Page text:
Innovation is one of the main concerns of many organisations. It plays a crucial role in the growth, survival and success of a business. Ideas that change the world, often described as “innovations”, are birthed from human imagination, and made tangible through applied creativity.
According to Stanford University professor Tina Seelig, author of Insight Out: Get Ideas Out of Your Head And Into the World: “Imagination is envisioning things that don’t exist. Creativity is applying imagination to address a challenge. Innovation is applying creativity to generate unique solutions. And entrepreneurship is applying innovations, scaling the ideas, by inspiring others’ imagination.” (Source: *Fast Company).
Innovation is crucial for sustainability, in both business and not-for-profit contexts, as the following two case studies exemplify.
A culture of employee Innovation in business: AttNovate
recently launched an innovation platform, AttNovate, to encourage inside-out innovation. AttNovate aims to harness new, inventive ideas from the staff within its group to improve its business.
“We have amazing staff and because they know our business so well, they are in a great position to identify opportunities to improve, advance and evolve. Now, we are providing them a way to put their creative thinking into action. I believe there are already many innovative ideas within the business,” says Armond Boshoff, Atterbury Deputy CEO.
The vision to channel “the power within” Atterbury through AttNovate began with Boshoff, who believes passionately that innovative thinking is a necessary business skill that can, and should, be encouraged and developed.
The AttNovate process is straightforward. Any employee can propose an idea, no matter how unusual or out-of-the-box, that they believe has real potential benefit for the business. There is no opening or closing date, the initiative is ongoing. Ideas are evaluated as they are submitted. Every idea presented and assessed to create value through innovation will receive a prize.
However, ideas are just the starting point, and AttNovate provides the opportunity to incubate, develop and test ideas. The reward for Atterbury’s staff members comes in the form of sharing in the benefits stemming from their idea, with a monetary amount linked directly to the economic value creation that their innovation produces.
“It inspires our employees to think creatively, whether their ideas are incorporated into the business or not. This way of thinking creates an even more stimulating and rewarding workplace and, thus benefitting our people and business overall,” explains Boshoff.
AttNovate was presented to Atterbury personnel in mid-March and officially launched at the beginning of April. There are already several ideas being evaluated for implementation.
“I’m already impressed with what I have seen so far,” says Boshoff proudly. “AttNovate has ignited a new passion in our business and increased the level of engagement generated by staff. I’m sure it will spark many more great ideas and I’m fired up to see what our staff come up with next.”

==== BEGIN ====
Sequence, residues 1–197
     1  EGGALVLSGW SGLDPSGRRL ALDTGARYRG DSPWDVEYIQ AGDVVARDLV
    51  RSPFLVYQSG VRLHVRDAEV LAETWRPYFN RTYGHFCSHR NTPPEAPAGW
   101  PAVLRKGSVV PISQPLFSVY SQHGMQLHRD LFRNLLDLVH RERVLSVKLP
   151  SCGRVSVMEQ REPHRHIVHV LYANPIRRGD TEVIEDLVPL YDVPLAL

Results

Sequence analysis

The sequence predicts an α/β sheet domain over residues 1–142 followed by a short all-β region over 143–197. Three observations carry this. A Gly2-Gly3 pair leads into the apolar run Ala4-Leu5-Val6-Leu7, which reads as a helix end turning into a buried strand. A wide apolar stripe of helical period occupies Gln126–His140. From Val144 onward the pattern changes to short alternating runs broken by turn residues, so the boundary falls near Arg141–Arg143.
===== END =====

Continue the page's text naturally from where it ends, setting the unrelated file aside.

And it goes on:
Teamwork sparks Innovation for not-for-profit sustainability: Mosaic South Africa
envisions a South Africa where every orphan is loved and cared for. They’ve implemented the country’s first self-sustainable orphan care model.
The majority of the nation’s orphans are born into situations in which their caretakers struggle to find and keep work, and in turn often can’t provide for even their most basic needs, such as food and shelter. The Mosaic SA model includes housing, educating, and employing families caring for orphans in the townships of South Africa.
Mosaic’s model entails identifying families with two or more orphans who are either in foster care or have been adopted. They build them a brick house with water, plumbing, and electricity, along with separate rooms for boys, girls, and parents. Skills training and employment is offered through two job creation initiatives for parents, to provide them with a sustainable source of income. Then, they address the family’s social needs such as life skills training for parents and supplemental educational activities for the children.
Mosaic was founded by Meyer and Louise Conradie. Mosaic currently has over 20 homes housing over 80 children, of whom more than 50 are orphans; has several business ventures focused on job creation, including Made by Mosaic and Mosaic Builders, which provide jobs for more than 30 people in total. They also have training centres to facilitate afterschool activities and a permanent flow of volunteers from South Africa, Germany, and the United States. The first Mosaic community is located in Ikageng (called Mosaic Ikageng), outside of Potchefstroom, and the second is located in the Western Cape, in the Mbkweni township (called Mosaic Paarl Valley). Plans are in place to continue to replicate the Mosaic model throughout southern Africa.
“It is my opinion that organisations in the social engagement space that are truly changing the world we live in, are organisations who are able to operate in love, courage and wisdom, not embodied by a leader or one person, but rather embodied by a team,” said Conradie.
In both these cases, cultivating a culture where the power of collective creativity can flourish, is highlighted as a catalyst for sustainable change through innovation.
Written by Cilnette Pienaar, communication consultant to the Nation Builder team. Nation Builder is a platform to inspire and equip businesses to lead social change in South Africa. www.proudnationbuilder.co.za